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A Bookaholic, Pro-life, Pro-Family, Pro-Oxford Comma, Catholic (with Asperger's) who reads and writes as her obsession. I've been reading over 400 books a year lately. These are my ramblings on some of the books I read. To read about all the books I read and comment on, visit me at LibraryThing or Goodreads.

I've been blogging since 2007 and at this point (July 2015) am trying my hand at turning the theme of this blog towards mystery, thriller, and crime, fiction and nonfiction. I have some special interest topics and categories within this broad genre which include (but are not limited to) serial killers, scandi-crime, Victorian history and historicals, history of the criminally insane and asylums, psychopathology, death, funerary practices and burial, corpses, true crime and anything dealing with the real life macabre, or that portrayed in fiction.

I also read a short story a day from various collections, sometimes anthologies othertimes collections of a single author's work. These reviews are also posted here and while they are of mixed genre the mystery, thriller, horror, gothic and macabre often appear within their pages as well.


I also blog about
graphic novels and manga on a separate BLOG.

Wednesday, April 2, 2008

62. In God We Trust, All Others Pay Cash

In God We Trust, All Others Pay Cash by Jean Shepherd


Pages: 264
Finished: Mar. 30, 2008
First Published: 1966
Genre: fictional memoir, humour
Rating: 3/5

First Sentence:


I felt like a spy.


Reason for Reading: I wrote this in a previous post a while ago. I saw a review of In God We Trust a little while ago (sorry forget who) and it brought the book back to my memory. When I was in Grade 5, my teacher, Mr. Prowse, read parts of this book to us and I just fell in love with it. I asked my parents to get the book for me (this was 1977) and they couldn't find it anywhere. Later in life, I'd remember it occasionally and look but never was able to find it in print (this was pre-Internet). Of course, I hadn't thought of the book in years when I saw that review and was thrilled that it was back in print and I just had to get a copy. This same teacher also read to us from James Thurber that year, which set me off reading Thurber at time. Ah, memories!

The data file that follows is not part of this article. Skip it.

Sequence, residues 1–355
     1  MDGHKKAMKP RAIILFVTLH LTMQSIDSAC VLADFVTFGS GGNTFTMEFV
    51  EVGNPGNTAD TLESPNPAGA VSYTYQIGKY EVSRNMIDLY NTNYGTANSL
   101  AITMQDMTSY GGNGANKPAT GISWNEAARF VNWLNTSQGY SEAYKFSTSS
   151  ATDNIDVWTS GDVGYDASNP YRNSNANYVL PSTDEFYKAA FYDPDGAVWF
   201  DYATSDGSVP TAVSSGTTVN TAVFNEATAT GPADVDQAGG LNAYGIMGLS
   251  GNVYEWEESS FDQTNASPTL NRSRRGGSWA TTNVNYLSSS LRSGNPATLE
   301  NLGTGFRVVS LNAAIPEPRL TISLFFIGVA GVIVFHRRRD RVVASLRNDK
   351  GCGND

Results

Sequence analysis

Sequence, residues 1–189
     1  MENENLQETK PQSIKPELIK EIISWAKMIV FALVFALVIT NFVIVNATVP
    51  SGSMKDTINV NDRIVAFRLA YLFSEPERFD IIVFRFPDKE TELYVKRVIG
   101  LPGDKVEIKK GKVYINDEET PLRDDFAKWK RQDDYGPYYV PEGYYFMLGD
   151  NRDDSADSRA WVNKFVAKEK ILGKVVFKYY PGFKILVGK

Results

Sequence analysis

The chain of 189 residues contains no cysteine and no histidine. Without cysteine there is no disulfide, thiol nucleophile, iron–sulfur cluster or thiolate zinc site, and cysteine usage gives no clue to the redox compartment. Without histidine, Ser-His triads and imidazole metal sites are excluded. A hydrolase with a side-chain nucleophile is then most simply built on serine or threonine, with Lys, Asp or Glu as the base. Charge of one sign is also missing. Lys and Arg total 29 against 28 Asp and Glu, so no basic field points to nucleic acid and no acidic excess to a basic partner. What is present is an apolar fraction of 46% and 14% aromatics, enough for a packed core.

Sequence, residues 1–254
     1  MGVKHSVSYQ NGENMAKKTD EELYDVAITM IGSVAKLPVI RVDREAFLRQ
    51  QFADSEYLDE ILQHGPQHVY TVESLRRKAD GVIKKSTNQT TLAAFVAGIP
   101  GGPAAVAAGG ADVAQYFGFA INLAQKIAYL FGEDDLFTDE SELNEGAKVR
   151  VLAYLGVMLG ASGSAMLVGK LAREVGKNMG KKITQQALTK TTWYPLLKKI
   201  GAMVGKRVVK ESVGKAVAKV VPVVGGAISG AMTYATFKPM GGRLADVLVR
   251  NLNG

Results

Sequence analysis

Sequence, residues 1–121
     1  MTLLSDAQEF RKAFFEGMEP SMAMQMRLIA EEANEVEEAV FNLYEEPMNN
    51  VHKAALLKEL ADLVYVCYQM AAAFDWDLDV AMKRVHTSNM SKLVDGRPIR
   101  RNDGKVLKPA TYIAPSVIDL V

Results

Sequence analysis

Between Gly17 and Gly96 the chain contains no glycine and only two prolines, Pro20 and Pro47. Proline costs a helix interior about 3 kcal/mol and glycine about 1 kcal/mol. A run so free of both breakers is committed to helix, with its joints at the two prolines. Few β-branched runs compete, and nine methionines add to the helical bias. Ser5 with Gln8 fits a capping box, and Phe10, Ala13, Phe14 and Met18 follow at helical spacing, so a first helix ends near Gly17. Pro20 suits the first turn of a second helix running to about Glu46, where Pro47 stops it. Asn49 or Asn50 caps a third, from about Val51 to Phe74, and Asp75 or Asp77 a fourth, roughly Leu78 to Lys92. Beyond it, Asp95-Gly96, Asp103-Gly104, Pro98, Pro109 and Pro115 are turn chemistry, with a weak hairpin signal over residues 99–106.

Comments: Ralph Parker returns to his hometown in Indiana where he walks into a bar and starts reminiscing with the bartender, a boyhood friend of his. The chapters alternate between the modern day bar setting and a childhood reminiscence. Several of the chapters were published previously as short stories in Playboy magazine over a period of several years. The popular movie The Christmas Story is based on one of the stories in this book. Most of the stories take place during the Depression when Ralph was a child. Some feature his childhood exploits and others focus more on his parents or simply the "good ol' days". These are wonderful, nostalgic and oftentimes very funny stories. For the 21st century reader, even the 1960s modern day chapters are nostalgic. Some chapters are better than others and I would have preferred the reminiscences without the segue chapters which felt like an unnecessary afterthought. Light and fun reading.

3 comments:

  1. I bought this book after reading a review on kookiejar's blog. Maybe that's where you saw it. I haven't had a chance to read it yet, but at least your review reminded me that I have it.

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  2. framed, you just may be right! I do read kookie's blog so that is probably it.

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  3. I love A Christmas Story so much. I need to read this sometime as I am sure I would enjoy the rest of the stories in it.

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